Last week brought our first full week of asparagus picking. Asparagus can shoot up very quickly, especially in warm, sunny weather. This means you can find us every single morning walking up and down rows of asparagus breaking off stalks. We break them off where they naturally snap for a couple different reasons. First, snapping off the stalks is better for our crop, if we were to cut the stalks we could risk disease transmission via the knife. Secondly, this makes for happier customers! We aren’t selling you the woody, tough part of the asparagus, leaving you with just the juicy, tender pieces. (This has already led to some very happy repeat customers after just two market weeks now!) Picking asparagus is an easy job, even though last week’s storms turned it into a very MUDDY job for a few days! Once we pick the asparagus we put it in buckets with a little bit of water at the bottom and put it in our 55 degree cooler. This helps us keep it as fresh as possible for our customers. With last Saturday’s opening of the Leavenworth Farmer’s Market 2018 season, you can now find us at the Leavenworth AND Parkville Farmer’s Markets this weekend! So don’t forget to come see us for some yummy asparagus! Can’t wait to see you there!
Last Thursday was national take your child to work day. While my son wanted to participate, his experience may have been a little different than that of some of his classmates. You see while they were at their parents’ jobs they may not regularly visit, my son was working on the family farm, just as he is used to doing in the summer and on weekends. He spent the morning helping flush irrigation lines, leach bags, and checking lead hoses in the greenhouse. He helped carry out a diseased plant that needed to be removed, prepared trays for transplants & watered some basil plants. Since this was a “special” day he also learned some new things, too. He learned how the greenhouse computer panel works, (which switches control the irrigation for which rows, etc.) and how to use the shut off valves on the rows inside the greenhouse. The actual work he did was broken up by chasing birds outside, playing with dirt and building a “frog trap” (which really just consisted of a bunch of random junk he found and put together inside a puddle). And that was all before lunch! As I write this I can’t help but wonder how his classmates spent their days at work with their parents. Did they learn anything they will use again? Were they able to sneak off and just enjoy being a kid on a nice day? Did they get to learn about the hard work and dedication it takes to run a family business? My son did. He may not have realized it because it’s something he’s just used to, but he sees his family members at work all the time. Not a set forty hours a week, but nights, weekends, holidays, and sleepovers with the grandparents. For him going to the farm still means he gets to hang out with family and play outside in the dirt. What he doesn’t realize yet, are all the life lessons he is learning at the same time.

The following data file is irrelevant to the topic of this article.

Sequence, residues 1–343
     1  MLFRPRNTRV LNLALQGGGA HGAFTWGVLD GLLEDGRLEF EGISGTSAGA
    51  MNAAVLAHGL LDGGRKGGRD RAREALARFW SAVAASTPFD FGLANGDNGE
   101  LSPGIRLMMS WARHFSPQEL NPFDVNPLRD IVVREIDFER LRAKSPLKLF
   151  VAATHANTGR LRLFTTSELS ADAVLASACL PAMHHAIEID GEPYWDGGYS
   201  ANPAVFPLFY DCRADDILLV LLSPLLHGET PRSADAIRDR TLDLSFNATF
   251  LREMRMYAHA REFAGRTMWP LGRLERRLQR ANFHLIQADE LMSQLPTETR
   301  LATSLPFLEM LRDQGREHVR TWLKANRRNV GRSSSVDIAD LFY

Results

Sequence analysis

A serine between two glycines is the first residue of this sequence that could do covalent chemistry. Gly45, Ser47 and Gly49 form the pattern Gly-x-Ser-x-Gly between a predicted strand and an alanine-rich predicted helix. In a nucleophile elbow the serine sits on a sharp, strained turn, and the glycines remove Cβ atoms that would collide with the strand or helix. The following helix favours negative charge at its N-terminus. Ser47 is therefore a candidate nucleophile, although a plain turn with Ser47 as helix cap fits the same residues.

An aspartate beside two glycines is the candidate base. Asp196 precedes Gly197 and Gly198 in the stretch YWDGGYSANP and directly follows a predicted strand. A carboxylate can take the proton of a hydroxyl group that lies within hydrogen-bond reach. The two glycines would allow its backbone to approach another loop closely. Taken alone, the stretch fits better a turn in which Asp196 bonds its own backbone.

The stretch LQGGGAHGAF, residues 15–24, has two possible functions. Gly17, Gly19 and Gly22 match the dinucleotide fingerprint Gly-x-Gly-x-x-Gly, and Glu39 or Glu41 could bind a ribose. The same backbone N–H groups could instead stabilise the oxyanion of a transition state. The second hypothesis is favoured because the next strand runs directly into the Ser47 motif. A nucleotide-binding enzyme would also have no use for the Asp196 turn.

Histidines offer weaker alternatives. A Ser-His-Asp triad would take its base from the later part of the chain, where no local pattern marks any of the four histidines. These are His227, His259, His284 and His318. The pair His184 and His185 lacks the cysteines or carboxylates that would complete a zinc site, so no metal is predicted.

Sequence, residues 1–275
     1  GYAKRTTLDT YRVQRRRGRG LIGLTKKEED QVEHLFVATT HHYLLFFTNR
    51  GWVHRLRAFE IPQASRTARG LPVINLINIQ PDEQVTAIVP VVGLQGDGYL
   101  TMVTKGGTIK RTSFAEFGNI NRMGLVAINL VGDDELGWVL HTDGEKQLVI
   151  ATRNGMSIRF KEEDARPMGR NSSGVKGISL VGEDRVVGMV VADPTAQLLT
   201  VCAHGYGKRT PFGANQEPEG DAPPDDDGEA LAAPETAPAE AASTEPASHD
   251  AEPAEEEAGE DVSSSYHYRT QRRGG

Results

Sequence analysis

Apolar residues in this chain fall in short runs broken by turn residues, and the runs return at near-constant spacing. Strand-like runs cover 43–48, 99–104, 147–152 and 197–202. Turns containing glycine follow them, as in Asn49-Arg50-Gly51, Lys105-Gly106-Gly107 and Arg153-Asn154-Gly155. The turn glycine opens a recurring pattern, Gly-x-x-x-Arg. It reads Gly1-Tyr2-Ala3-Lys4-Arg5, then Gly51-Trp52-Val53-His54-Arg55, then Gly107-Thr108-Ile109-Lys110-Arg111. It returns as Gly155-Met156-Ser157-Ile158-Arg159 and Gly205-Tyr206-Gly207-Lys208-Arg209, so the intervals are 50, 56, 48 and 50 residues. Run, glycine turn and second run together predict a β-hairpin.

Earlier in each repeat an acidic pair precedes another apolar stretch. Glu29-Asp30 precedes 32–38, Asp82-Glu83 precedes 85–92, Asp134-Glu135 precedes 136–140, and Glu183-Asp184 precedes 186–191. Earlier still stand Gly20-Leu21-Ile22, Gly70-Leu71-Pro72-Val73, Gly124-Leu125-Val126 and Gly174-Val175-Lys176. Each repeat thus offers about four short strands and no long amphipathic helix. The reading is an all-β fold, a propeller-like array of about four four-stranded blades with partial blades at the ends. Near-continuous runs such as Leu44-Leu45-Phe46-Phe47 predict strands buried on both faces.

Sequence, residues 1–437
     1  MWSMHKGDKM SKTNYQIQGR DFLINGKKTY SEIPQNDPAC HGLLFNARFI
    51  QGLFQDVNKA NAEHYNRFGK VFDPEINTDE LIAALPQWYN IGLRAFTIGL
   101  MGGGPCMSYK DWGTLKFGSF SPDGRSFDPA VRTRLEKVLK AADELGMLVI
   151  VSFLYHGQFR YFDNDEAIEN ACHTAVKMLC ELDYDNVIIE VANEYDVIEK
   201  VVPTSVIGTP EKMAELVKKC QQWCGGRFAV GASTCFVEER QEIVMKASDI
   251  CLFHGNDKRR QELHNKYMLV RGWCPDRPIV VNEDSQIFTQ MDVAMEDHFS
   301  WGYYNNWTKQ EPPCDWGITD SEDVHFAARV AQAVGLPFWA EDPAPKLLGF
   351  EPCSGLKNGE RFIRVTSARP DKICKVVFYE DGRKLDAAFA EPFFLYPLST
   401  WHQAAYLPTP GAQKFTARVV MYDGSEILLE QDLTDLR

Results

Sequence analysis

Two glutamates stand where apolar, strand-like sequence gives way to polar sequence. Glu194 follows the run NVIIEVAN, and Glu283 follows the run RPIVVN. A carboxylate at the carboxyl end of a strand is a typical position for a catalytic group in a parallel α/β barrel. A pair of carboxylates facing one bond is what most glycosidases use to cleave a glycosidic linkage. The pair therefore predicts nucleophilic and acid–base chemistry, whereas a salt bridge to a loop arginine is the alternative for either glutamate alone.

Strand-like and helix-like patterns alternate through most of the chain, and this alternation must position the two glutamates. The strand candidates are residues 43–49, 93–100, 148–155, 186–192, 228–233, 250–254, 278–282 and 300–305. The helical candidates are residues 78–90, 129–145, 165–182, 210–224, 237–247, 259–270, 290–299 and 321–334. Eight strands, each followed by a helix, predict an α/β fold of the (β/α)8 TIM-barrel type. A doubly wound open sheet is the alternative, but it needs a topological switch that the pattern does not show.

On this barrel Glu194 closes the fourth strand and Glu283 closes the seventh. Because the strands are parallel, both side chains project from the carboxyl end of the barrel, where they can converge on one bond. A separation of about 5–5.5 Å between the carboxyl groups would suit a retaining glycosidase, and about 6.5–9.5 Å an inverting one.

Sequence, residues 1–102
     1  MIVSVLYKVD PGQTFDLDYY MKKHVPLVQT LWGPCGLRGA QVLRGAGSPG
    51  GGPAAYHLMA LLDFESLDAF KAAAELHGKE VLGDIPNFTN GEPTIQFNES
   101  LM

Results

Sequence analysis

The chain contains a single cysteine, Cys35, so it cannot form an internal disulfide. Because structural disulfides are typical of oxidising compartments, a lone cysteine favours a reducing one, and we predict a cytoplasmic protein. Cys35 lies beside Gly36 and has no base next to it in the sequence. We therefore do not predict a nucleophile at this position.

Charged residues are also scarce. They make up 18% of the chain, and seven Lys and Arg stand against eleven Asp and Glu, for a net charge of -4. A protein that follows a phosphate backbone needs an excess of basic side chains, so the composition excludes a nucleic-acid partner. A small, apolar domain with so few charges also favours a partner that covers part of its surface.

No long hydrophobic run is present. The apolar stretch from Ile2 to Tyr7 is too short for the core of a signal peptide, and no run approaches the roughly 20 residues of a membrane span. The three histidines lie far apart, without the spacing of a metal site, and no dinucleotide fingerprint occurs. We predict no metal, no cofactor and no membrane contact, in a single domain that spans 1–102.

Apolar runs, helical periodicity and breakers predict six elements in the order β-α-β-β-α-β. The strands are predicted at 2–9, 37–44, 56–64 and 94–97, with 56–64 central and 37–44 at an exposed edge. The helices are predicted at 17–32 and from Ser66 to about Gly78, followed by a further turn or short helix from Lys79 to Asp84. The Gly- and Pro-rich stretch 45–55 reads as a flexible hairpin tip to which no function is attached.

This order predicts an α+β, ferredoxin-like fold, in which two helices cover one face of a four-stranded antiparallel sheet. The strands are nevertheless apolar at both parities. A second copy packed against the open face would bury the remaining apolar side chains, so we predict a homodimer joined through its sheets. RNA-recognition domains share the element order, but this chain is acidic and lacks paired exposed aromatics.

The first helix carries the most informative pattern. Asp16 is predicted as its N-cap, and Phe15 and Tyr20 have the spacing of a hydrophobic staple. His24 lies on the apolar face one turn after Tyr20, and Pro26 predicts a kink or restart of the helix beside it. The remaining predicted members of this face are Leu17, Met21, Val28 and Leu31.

There has been a lot of buzz about bees lately, so I thought I would take a minute to let you in on my experience. Bees are pretty great. They come in especially handy in our greenhouse. For those who don’t know, tomato plants bloom and have to be pollinated in order to actually get tomatoes. This is where our bees come in. Last year was the first year we used bees for this and it worked so well we’re not going back. There are other ways to pollinate inside a greenhouse but those methods involve more time and labor, while a bee’s job is pollination! And boy do they take their job seriously! They work around the clock going from plant to plant making sure to pollinate every bloom. However. . . I have a bit of a love/hate relationship with our bees. While we got along fine for most of last summer, my luck ran out. I got stung. Out of the handful of people who help out in our greenhouse, I am the only one who has ever been stung. Both times I was alone and didn’t even see the bees that got me. (I’ll admit I’m slightly bitter.) So needless to say I am starting out this year much more cautious. Even so, the other day I mustered up the courage to chase one around, as it buzzed through plants faster than I could keep up with. Not sure how, but I was lucky enough to snap this picture of our little bee friend on the job. So we are off to a good start this year. Here’s to hoping my luck holds up!
Hey everybody! Hope you all are enjoying our newly renovated website! Market season is only a couple weeks away now and I just wanted to take a minute to write a little bit about what you can expect at your local Farmer’s Market. When you show up to market and see all those colorful fruits and veggies what you are actually seeing is the product of a lot of time and energy that has been put into each and every piece of produce you see. Hardworking farmers have spent the better part of a year planning, planting, caring for, and harvesting your dinner. These are the same people who happily greet you with “Good Morning” at 7 am (even though their day began hours before the sun), and who proudly sell you the same produce they eat and feed to their families. See a vegetable you’re not familiar with? Ask. The vendors are happy to tell you what it is, and their favorite ways to prepare it! We also enjoy hearing your favorite recipes and tips! Forgot to stop by the ATM? No biggie. . . we, as well as most vendors accept credit cards! Most markets are now able to run credit/debit cards and distribute market tokens for those vendors that do not accept cards. There are also many special events held at markets from kids activities to live cooking demos. So check out your local Farmer’s Market websites or Facebook, make plans to bring the kids or meet up with friends, and make your weekly grocery shopping a fun experience your family can look forward to.